College Athletes Cash In as Generations of Rules Fade Under Pressure
Yet Miami, which hosted Florida’s law-signing ceremony last year, has been one of the most aggressive schools to publicly defend name, image and likeness changes. In December, the school said it signed an agreement with the INFLCR, which works with many schools, to help students understand the opportunities ahead. At the time, football coach Manny Diaz hailed the deal as a way for players to “build your brand in the heart of one of the most dynamic cities in the world”.
Ahead of this week’s opening, King attended personal finance classes offered by the university on Wednesdays to sort out a myriad of issues. He enlisted his mother and brother to help him assess any offers that might come up, sketched out his ambitions for a podcast, and looked at the types of activities that were of most interest. Autograph signing and speaking engagements, he suggested, were his favorites.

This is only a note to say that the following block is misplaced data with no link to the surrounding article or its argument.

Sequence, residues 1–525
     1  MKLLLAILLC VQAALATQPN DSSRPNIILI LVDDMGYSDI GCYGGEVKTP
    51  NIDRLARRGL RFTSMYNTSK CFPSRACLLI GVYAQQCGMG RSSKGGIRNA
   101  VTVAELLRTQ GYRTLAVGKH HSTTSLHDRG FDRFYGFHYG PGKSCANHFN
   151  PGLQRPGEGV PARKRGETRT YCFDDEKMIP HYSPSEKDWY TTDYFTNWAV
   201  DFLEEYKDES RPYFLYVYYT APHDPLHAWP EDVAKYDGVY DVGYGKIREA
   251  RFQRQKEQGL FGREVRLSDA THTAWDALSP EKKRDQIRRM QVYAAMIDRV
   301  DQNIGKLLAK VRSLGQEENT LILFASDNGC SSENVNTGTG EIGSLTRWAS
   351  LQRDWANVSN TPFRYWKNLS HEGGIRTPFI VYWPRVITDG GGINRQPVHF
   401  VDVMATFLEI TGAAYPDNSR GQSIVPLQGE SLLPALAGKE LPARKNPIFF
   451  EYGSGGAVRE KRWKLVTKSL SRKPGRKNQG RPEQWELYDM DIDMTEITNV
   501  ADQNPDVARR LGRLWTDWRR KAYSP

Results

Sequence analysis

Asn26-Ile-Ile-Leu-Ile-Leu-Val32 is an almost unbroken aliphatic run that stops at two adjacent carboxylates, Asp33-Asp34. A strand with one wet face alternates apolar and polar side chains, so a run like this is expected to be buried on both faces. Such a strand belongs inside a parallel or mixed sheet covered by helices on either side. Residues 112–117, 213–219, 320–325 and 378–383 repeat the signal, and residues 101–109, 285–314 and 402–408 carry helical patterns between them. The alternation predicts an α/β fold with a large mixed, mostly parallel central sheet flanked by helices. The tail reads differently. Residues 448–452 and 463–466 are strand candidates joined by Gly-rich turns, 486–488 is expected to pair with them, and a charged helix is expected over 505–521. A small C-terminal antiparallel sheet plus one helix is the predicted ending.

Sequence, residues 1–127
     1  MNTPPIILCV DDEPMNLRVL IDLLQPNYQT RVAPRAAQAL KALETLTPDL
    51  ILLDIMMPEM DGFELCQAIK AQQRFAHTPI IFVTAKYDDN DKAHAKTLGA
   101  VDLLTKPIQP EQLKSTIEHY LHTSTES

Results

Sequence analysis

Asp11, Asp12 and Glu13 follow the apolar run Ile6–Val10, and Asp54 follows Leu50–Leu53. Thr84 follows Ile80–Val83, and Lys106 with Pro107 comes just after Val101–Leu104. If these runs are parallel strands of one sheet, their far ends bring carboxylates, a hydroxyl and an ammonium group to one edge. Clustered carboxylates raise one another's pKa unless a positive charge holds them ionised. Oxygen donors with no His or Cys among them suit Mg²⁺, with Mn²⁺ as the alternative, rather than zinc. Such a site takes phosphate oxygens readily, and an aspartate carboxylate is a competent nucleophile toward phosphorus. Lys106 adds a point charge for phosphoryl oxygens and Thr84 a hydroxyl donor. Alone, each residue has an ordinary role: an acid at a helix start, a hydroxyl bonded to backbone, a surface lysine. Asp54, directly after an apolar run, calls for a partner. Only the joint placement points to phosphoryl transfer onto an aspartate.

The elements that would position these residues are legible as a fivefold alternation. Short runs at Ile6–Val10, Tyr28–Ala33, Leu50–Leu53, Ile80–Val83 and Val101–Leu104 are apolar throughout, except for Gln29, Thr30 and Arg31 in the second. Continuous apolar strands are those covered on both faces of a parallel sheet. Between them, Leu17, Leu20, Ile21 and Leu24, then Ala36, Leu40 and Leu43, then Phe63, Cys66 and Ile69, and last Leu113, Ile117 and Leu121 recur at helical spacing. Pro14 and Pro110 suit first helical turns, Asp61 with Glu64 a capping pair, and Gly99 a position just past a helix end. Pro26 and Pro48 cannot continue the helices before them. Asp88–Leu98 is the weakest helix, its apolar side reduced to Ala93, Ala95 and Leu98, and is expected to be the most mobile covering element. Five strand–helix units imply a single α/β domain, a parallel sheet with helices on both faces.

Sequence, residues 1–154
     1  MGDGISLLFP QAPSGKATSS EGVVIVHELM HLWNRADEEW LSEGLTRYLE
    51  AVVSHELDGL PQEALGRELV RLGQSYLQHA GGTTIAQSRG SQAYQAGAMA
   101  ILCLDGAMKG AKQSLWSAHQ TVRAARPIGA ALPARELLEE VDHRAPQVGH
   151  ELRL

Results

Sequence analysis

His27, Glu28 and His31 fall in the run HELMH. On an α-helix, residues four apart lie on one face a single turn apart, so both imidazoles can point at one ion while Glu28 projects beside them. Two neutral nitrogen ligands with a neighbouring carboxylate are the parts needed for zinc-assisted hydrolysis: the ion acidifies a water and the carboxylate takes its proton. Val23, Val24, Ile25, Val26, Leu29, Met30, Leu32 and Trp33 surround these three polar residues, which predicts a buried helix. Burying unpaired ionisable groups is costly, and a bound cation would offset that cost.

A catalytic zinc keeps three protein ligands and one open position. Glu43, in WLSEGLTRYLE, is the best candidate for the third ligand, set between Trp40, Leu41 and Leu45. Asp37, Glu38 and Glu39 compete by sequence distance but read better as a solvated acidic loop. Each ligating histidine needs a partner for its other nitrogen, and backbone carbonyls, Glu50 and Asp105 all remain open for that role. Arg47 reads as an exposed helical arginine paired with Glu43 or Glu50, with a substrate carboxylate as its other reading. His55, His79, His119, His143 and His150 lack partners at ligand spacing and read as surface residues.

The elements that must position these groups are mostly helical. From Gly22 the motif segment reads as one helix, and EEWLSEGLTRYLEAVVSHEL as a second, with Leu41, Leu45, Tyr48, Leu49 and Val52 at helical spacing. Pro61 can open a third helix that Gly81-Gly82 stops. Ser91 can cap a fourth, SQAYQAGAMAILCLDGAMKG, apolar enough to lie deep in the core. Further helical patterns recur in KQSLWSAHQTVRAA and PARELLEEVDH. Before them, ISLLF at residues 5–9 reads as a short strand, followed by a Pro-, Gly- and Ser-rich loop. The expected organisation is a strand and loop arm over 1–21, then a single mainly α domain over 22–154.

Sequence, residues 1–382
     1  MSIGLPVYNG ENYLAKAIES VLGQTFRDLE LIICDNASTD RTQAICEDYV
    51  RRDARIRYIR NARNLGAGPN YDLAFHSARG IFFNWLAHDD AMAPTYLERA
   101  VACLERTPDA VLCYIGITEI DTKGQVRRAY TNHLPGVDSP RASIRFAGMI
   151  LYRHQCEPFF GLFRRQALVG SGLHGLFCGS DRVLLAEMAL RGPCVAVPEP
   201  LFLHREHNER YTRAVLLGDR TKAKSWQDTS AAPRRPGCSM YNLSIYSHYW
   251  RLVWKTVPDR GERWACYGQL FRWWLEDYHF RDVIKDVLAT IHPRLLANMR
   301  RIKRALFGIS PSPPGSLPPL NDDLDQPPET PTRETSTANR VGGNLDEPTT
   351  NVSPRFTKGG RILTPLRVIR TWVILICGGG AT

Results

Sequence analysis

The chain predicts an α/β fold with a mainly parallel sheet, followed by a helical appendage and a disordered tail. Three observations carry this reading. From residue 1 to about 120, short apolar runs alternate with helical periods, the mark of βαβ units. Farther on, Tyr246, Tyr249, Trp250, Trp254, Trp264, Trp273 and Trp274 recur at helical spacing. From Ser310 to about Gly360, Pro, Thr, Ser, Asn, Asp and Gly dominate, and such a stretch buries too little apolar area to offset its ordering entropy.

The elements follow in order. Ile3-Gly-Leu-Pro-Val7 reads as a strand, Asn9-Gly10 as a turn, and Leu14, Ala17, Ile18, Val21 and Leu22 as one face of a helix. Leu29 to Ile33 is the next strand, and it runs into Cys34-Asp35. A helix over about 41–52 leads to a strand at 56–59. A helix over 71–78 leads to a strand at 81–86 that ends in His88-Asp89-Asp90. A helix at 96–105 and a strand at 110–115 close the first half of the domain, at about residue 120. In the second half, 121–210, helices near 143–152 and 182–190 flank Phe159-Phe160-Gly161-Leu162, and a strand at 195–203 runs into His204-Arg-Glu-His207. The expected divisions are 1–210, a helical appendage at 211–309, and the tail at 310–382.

With summer football obligations fulfilled around lunchtime, he said, there were still plenty of hours in the day to pick up the kind of gigs that athletes never had.
He said he plans to save a large chunk of his earnings and possibly send some of it back to Texas, as he contemplates life after his final season in Miami. He said he had no plans to immediately trade in his Jeep Wrangler for one of the scintillating imports that fill South Florida’s highways.
But as Thursday approaches, he said he was eager to finally win some of what he sees as his own. For too long, he and other players said, the system had worked for many – but not always for them.
“In a sense, you could say we took advantage of it,” he said. “I think a lot of people, they only see us on Saturdays, and that’s the problem. If they had seen what we do every day, day in and day out, then they will understand why it is so important for us to be paid.
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